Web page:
This is an excerpt of an article by Paula Span that appeared in The New York Times blog "The New Old Age" on March 21, 2013.
Consider the geriatricians working at the Lakeside Senior Medical Center, an outpatient clinic at the University of California, San Francisco. Many of their patients, despite multiple chronic diseases and advanced age, have never filled out power-of-attorney documents or appointed someone to make health care decisions if they are unable to.
Sometimes, the doctors suspect their patients might qualify for public benefits they are not getting, like food stamps or MediCal, the state’s version of Medicaid. Perhaps they face problems with landlords or appear to be victims of financial abuse, or they ought to have a simple will.
In other words, they need lawyers. But trying to get frail, low-income seniors to consult an elder attorney can seem an insurmountable problem. How will they travel to a law office? Or pay a fee that can reach $300 an hour? Even if the doctors can refer them to a legal aid office, will their elderly patients actually make an appointment? Then remember to go?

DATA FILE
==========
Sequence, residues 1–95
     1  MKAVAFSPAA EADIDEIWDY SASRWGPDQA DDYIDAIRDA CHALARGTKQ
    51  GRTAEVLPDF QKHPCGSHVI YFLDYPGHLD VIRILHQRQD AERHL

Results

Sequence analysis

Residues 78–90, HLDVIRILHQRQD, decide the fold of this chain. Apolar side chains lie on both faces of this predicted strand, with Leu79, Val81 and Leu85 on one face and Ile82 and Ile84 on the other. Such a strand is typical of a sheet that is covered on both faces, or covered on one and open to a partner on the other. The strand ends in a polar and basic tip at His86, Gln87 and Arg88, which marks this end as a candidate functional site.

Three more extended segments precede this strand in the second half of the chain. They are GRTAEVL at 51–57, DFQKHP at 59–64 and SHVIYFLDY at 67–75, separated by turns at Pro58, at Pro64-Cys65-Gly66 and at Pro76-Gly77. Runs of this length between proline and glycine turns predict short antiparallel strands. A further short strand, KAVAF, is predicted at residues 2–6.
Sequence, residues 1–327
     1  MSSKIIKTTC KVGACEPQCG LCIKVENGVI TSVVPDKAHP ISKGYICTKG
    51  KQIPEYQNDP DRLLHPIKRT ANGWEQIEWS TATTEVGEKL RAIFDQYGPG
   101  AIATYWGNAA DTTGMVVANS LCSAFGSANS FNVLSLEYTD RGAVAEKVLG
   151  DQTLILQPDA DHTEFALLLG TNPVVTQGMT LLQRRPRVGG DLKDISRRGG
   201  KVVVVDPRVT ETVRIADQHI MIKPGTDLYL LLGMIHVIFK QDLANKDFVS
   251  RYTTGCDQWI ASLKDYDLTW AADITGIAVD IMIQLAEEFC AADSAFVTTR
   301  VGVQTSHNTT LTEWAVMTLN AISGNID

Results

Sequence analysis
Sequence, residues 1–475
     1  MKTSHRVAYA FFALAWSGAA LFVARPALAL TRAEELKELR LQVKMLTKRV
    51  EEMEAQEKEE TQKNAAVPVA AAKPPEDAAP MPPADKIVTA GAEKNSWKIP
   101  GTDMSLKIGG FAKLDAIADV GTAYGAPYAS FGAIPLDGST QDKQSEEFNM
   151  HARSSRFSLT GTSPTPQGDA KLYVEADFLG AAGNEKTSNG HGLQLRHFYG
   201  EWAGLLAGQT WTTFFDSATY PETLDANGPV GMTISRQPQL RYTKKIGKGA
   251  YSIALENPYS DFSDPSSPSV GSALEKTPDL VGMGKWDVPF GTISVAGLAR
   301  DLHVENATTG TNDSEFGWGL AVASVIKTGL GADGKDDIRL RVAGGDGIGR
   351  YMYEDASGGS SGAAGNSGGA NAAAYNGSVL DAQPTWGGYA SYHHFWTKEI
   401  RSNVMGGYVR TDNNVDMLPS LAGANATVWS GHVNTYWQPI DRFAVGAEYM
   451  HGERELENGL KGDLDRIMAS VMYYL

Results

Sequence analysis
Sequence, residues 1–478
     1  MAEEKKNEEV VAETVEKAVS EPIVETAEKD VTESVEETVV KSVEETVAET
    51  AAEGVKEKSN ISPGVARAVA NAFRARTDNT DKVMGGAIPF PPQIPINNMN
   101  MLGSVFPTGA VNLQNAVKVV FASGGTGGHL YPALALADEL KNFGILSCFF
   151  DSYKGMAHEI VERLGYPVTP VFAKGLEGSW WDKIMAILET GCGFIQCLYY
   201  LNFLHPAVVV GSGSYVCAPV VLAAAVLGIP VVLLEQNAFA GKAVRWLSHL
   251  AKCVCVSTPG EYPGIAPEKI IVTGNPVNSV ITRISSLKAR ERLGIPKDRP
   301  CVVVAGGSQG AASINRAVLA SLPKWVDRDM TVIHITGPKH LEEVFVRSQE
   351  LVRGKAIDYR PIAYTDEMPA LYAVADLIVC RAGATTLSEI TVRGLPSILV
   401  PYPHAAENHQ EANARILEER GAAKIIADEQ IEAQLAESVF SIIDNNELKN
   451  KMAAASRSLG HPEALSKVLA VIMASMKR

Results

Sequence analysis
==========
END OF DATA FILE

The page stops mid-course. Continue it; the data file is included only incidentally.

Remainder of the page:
At Lakeside there is a simpler solution, said Sarah Hooper, who teaches at the University of California Hastings College of the Law. “The physicians do the initial screenings, hear what their patients’ problems are, take the history — and they essentially write a prescription: ‘Go down the hall and see my friends at UC Hastings for help with this housing issue,’ ” she said.
Each semester, eight UC Hastings law students spend 12 to 15 hours a week at the clinic, the Medical-Legal Partnership for Seniors. Supervised by both the law school and the U.C.S.F. faculty, the clinic “reduces so many barriers to getting legal help,” said the legal director, Yvonne Troya.
Read the full article: The Doctor’s New Prescription: A Lawyer